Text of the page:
Cardiac effects of trace amines: pharmacological characterization of trace amine-associated receptors.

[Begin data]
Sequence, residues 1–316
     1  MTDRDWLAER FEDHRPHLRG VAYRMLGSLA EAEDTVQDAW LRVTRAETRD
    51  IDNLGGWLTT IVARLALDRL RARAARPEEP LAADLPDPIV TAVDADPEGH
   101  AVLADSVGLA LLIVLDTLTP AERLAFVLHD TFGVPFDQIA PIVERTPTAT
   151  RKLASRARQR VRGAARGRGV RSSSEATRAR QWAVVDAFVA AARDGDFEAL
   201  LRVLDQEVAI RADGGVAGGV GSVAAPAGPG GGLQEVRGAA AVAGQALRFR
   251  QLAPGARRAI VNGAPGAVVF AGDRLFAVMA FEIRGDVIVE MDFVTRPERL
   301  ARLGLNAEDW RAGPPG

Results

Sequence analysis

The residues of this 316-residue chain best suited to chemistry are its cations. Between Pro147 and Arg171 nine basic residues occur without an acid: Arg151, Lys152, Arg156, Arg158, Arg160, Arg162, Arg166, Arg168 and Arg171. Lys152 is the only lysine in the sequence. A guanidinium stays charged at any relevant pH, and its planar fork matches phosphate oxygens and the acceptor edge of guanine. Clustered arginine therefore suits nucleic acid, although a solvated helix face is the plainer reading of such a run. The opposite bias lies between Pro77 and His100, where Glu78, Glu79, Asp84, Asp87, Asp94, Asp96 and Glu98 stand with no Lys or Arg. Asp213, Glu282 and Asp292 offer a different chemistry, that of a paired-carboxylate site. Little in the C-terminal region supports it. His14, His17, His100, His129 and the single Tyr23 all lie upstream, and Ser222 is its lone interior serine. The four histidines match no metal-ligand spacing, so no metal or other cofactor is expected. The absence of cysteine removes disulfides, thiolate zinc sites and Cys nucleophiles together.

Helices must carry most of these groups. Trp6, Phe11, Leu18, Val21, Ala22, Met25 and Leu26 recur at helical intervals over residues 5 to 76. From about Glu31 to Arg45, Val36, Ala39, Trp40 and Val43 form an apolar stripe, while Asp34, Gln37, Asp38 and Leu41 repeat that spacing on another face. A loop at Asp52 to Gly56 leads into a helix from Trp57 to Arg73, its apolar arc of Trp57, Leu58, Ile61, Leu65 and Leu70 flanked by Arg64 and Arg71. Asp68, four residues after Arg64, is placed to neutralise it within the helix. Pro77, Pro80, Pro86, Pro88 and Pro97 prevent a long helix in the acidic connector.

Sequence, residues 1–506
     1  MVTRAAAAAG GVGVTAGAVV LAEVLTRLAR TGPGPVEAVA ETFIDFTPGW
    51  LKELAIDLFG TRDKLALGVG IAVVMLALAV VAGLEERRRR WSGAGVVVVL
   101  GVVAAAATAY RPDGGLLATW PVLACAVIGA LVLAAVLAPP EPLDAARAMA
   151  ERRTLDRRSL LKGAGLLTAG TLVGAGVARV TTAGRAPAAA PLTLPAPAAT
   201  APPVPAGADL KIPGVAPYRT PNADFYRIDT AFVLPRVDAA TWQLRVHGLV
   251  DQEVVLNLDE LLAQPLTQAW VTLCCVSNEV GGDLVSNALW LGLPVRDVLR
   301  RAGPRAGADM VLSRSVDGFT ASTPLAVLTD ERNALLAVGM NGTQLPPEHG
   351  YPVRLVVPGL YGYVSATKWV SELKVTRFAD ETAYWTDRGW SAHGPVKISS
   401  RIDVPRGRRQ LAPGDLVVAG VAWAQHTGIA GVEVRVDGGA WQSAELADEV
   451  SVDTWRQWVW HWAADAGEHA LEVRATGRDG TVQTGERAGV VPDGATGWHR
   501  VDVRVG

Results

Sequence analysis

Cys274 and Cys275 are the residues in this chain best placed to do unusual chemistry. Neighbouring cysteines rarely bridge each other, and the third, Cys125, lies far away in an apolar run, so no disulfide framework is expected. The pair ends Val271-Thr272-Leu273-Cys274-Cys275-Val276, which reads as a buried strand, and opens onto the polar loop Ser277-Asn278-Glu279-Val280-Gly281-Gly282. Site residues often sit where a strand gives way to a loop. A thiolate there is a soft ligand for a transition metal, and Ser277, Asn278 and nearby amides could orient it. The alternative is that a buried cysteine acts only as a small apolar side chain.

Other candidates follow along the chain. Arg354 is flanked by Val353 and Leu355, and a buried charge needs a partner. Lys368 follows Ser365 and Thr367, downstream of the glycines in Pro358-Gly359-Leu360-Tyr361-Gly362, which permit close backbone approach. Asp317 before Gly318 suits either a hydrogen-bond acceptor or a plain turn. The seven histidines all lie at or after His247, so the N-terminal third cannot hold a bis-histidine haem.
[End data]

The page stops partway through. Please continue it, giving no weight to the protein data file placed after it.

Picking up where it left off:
ABSTRACT Trace amine-associated receptors, a novel class of G-protein coupled receptors which respond to trace amines but not to classical biogenic amines, have been found to be expressed in heart. Therefore, we investigated the cardiac effects of the trace amines p-tyramine, beta-phenylethylamine, octopamine, and tryptamine. Isolated rat hearts were perfused in the presence of trace amines, monitoring the hemodynamic variables. In addition, radioligand binding experiments with [3H]-p-tyramine and [125I]-3-iodothyronamine were performed in rat ventricular tissue. Octopamine, beta-phenylethylamine, and tryptamine produced a dose-dependent negative inotropic effect as shown by reduced cardiac output (IC(50)=109 microM, 159 microM, and 242 microM, respectively). In the same preparation a similar effect was produced by thyronamine and 3-iodothyronamine, with IC(50)=94 microM and 27 microM, respectively. The negative inotropic effect of octopamine was confirmed in a papillary muscle preparation. All trace amines except tryptamine increased the heart rate, but this action could be attributed to their sympathomimetic properties, since it was abolished by propranolol. The negative inotropic effect of trace amines was significantly increased by the tyrosine kinase inhibitor genistein. Specific and saturable binding of [(3)H]-p-tyramine and [125I]-3-iodothyronamine was observed in ventricular tissue. While [3H]-p-tyramine was displaced by 3-iodothyronamine, [(125)I]-3-iodothyronamine was not displaced by p-tyramine. In conclusion, trace amines and thyronamines are negative inotropic agents. Their effect appears to be mediated by a subtype of trace amine-associated receptor which is characterized by the rank of potency: 3-iodothyronamine > thyronamine = octopamine = beta-phenylethylamine, while tryptamine and p-tyramine are significantly less active.